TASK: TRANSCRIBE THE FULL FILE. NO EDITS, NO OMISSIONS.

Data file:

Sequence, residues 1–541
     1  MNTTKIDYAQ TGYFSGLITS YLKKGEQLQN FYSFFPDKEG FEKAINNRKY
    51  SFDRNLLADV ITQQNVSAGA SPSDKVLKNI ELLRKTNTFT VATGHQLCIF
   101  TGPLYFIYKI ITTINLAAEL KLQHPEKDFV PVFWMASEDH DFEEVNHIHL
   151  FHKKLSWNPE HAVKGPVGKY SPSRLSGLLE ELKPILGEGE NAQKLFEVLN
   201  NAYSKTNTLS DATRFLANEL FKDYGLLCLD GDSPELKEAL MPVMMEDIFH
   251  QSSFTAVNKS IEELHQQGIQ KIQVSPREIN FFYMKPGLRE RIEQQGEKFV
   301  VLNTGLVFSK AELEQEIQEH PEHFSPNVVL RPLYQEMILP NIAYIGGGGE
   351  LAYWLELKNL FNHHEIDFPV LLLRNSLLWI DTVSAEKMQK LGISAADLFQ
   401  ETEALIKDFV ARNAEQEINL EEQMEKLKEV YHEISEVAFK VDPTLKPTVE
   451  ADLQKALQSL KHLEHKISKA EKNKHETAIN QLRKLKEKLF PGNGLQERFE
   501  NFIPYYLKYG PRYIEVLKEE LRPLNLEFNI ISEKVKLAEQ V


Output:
Sequence, residues 1–541
     1  MNTTKIDYAQ TGYFSGLITS YLKKGEQLQN FYSFFPDKEG FEKAINNRKY
    51  SFDRNLLADV ITQQNVSAGA SPSDKVLKNI ELLRKTNTFT VATGHQLCIF
   101  TGPLYFIYKI ITTINLAAEL KLQHPEKDFV PVFWMASEDH DFEEVNHIHL
   151  FHKKLSWNPE HAVKGPVGKY SPSRLSGLLE ELKPILGEGE NAQKLFEVLN
   201  NAYSKTNTLS DATRFLANEL FKDYGLLCLD GDSPELKEAL MPVMMEDIFH
   251  QSSFTAVNKS IEELHQQGIQ KIQVSPREIN FFYMKPGLRE RIEQQGEKFV
   301  VLNTGLVFSK AELEQEIQEH PEHFSPNVVL RPLYQEMILP NIAYIGGGGE
   351  LAYWLELKNL FNHHEIDFPV LLLRNSLLWI DTVSAEKMQK LGISAADLFQ
   401  ETEALIKDFV ARNAEQEINL EEQMEKLKEV YHEISEVAFK VDPTLKPTVE
   451  ADLQKALQSL KHLEHKISKA EKNKHETAIN QLRKLKEKLF PGNGLQERFE
   501  NFIPYYLKYG PRYIEVLKEE LRPLNLEFNI ISEKVKLAEQ V